BASIC PHARMACOLOGY OF THE BETA RECEPTOR ANTAGONIST DRUGS
Beta-receptor antagonists share the common feature of antagoniz-ing the effects of catecholamines at β adrenoceptors. Beta-blocking drugs occupy β receptors and competitively reduce receptor occu-pancy by catecholamines and other β agonists. (A few members of this group, used only for experimental purposes, bind irreversibly to β receptors.) Most β-blocking drugs in clinical use are pure antagonists; that is, the occupancy of a β receptor by such a drug causes no activation of the receptor. However, some are partial agonists; that is, they cause partial activation of the receptor, albeit less than that caused by the full agonists epinephrine and isoprot-erenol. As described, partial agonists inhibit the activation of β receptors in the presence of high catecholamine concentrations but moderately activate the receptors in the absence of endogenous agonists. Finally, evidence suggests that some β blockers (eg, betaxolol, metoprolol) are inverse agonists— drugs that reduce constitutive activity of β receptors—in some tissues. The clinical significance of this property is not known.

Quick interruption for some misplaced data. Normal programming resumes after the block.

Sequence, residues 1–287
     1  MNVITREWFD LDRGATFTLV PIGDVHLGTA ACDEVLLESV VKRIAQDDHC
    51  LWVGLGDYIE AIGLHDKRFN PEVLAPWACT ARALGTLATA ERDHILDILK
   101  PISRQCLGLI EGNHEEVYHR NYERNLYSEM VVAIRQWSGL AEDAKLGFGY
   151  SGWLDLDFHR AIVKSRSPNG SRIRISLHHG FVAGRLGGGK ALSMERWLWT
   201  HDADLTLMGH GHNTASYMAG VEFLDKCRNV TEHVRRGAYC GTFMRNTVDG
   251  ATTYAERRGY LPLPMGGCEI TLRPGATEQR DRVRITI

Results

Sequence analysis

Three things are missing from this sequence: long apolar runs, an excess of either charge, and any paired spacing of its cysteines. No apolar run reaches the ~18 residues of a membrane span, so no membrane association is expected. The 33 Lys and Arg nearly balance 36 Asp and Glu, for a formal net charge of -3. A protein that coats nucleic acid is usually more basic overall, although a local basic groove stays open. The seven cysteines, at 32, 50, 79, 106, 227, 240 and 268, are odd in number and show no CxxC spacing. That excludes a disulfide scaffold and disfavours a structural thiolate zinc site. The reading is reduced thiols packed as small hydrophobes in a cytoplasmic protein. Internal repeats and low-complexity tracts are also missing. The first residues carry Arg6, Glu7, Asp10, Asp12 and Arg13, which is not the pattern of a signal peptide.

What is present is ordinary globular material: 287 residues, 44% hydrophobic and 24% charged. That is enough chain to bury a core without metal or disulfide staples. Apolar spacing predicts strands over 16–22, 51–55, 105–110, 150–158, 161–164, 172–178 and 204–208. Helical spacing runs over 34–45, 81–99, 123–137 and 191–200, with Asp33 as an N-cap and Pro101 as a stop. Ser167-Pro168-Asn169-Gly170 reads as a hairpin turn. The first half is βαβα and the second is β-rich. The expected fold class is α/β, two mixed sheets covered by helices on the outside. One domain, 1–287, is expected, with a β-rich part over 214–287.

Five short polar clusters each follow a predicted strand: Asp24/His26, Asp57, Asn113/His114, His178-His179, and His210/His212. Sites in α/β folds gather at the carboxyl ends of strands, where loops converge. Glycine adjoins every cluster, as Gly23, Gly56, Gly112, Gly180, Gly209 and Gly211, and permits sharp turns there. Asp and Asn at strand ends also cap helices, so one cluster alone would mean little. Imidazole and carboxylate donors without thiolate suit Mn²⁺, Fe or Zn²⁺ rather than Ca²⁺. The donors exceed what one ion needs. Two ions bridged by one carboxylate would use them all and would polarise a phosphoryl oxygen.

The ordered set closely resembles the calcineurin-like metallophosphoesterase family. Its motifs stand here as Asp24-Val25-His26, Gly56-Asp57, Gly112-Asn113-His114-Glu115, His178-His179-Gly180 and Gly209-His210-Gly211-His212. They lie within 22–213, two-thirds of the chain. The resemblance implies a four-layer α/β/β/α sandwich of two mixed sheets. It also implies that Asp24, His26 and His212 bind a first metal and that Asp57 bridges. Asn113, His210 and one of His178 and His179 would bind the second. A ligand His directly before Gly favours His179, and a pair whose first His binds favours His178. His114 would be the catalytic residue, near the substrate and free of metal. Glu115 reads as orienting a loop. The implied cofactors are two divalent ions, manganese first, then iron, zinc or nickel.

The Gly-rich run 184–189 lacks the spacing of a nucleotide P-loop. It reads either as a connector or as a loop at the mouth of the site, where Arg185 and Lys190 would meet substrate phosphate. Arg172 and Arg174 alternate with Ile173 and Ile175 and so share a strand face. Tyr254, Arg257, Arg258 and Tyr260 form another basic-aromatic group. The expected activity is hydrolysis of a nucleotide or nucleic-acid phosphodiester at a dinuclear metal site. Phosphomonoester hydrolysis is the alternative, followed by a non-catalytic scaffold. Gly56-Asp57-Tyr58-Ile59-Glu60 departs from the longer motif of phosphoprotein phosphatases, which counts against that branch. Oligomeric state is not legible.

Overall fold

The β-receptor–blocking drugs differ in their relative affinities for β1 and β2 receptors (Table 10–1). Some have a higher affinity for β1 than for β2 receptors, and this selectivity may have impor-tant clinical implications. Since none of the clinically available β-receptor antagonists are absolutely specific for β1receptors, theselectivity is dose-related; it tends to diminish at higher drug con-centrations. Other major differences among β antagonists relate to their pharmacokinetic characteristics and local anesthetic mem-brane-stabilizing effects.
Chemically, most β-receptor antagonist drugs (Figure 10–5) resemble isoproterenol to some degree (see Figure 9–4).